Spotlight: Materials Science and Engineering
What is materials science and engineering? This is a question all of us in our 25-student graduating class are asked many times. At its core, materials science and engineering is combining atomic structure, manufacturing processes, chemistry and mechanics of materials to determine their final properties. This in turn impacts their suitability for different applications. Examples are everywhere! If you’re interested in metals, samurai swords have their traditional curve because of different cooling rates during their processing. Interested in electronics? Devices such as transistors, LEDs and solar cells function through combinations of semiconducting materials. How about ceramics? Recent advancements have resulted in the development of silicon carbide ceramic turbine blades, which are lighter and easier to maintain than metal. And polymers? Everywhere. Anytime there is plastic, a polymer was selected. Current research is exploring color changing polymers to indicate damage in hardware, as well as the development of conductive polymers to be used in clothing.
Core MSE coursework includes classes on mechanics of materials, electronic materials, thermodynamics of condensed systems, materials chemistry, kinetics and phase transformations as well as a course focusing on the atomic and molecular structure of matter. These are supplemented with materials design courses and electives that allow MSE students to explore different materials engineering applications.
Outside of the classroom, many MSEs are involved in undergraduate research. In addition to students performing research in the materials engineering department, MSEs collaborate with other disciplines and can be found in labs focused on bioengineering, chemical engineering and mechanical engineering. Many students also choose to join the Cornell Materials Society. This student group organizes workshops, professor debates and trips to museums and conferences. Past events have included a workshop on the materials science of taffy making, a debate on whether we are currently in the age of silicon or steel, and an annual spring trip to the Corning Museum of Glass.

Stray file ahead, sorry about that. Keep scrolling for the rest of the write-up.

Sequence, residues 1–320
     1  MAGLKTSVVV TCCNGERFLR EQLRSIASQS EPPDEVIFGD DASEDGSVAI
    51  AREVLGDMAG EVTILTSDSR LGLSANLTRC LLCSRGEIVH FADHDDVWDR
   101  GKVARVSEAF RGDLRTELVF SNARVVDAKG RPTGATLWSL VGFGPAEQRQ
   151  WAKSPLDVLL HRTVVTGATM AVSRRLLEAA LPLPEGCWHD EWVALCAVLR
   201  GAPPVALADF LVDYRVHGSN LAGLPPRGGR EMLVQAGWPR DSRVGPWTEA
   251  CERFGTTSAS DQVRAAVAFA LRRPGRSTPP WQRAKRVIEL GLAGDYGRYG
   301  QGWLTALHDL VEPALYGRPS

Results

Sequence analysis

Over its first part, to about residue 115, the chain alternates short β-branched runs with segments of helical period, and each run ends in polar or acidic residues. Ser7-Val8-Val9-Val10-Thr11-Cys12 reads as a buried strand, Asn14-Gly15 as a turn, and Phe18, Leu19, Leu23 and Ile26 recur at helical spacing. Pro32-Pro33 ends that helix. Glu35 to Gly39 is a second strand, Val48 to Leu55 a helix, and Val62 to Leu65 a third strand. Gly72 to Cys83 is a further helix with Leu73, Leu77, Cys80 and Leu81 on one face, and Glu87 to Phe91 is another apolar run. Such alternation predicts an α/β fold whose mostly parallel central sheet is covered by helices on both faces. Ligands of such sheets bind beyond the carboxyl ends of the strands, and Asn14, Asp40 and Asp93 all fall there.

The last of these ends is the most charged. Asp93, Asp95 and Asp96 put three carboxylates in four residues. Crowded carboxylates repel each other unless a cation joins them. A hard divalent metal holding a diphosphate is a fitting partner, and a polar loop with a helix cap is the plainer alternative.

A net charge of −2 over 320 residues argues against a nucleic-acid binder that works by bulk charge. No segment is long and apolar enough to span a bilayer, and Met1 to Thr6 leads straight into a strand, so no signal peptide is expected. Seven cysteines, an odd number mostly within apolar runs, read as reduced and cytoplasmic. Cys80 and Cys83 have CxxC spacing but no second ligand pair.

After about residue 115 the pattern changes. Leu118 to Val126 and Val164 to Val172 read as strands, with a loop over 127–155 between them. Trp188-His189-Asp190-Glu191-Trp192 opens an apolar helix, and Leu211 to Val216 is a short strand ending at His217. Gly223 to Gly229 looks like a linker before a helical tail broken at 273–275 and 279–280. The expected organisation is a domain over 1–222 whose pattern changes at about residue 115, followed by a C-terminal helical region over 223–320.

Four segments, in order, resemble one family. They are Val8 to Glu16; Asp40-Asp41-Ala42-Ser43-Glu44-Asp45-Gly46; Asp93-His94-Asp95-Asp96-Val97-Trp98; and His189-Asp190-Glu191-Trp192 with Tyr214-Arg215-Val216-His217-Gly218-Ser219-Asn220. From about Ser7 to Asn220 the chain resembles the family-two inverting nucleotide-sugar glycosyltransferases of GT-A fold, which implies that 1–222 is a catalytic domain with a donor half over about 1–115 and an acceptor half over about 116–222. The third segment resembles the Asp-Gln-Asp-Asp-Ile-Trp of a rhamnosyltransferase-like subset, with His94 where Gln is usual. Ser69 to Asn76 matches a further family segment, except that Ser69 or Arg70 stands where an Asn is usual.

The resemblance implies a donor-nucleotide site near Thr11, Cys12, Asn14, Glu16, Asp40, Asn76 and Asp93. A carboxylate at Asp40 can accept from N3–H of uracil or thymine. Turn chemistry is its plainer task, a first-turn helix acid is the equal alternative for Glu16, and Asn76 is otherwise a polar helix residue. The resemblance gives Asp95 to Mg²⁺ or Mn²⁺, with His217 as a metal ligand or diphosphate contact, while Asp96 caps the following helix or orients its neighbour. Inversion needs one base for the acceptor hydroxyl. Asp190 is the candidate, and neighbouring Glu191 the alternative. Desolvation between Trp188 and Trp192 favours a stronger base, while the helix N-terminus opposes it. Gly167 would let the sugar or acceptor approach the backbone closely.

Project teams are also a valuable opportunity, allowing students to develop important hands-on experience. While the traditional MSE project teams are Concrete Canoe and ChemE Car, I’ve found through my involvement on CUAir that a hardware-based project team is a source of inspiration, growth and support for an MSE. There will be opportunities to explore materials selection, manufacturing, materials testing, stress analysis and fracture control. There is no substitute for encountering and working through problems in a team-based environment.
My favorite thing about the MSE program at Cornell is the innovative and broad approach to materials engineering. Many other programs focus on one aspect of traditional materials science: metallurgy, electronics, polymers or ceramics. Here at Cornell, core classes cover a broad range of materials and applications, teaching the fundamentals and giving the students the freedom to pursue their interests. I came to Cornell with the goal of combining materials science and engineering with fiber science to improve first responder uniforms. While that interest has shifted to composite development, nowhere else would I have found the same degree of opportunity to explore the intersection of fields. By preparing its students with a strong foundation in how and why materials behave in different ways for a range of applications, the MSE program at Cornell prepares its students for opportunities in both industry and graduate school.
—Allison, materials science & engineering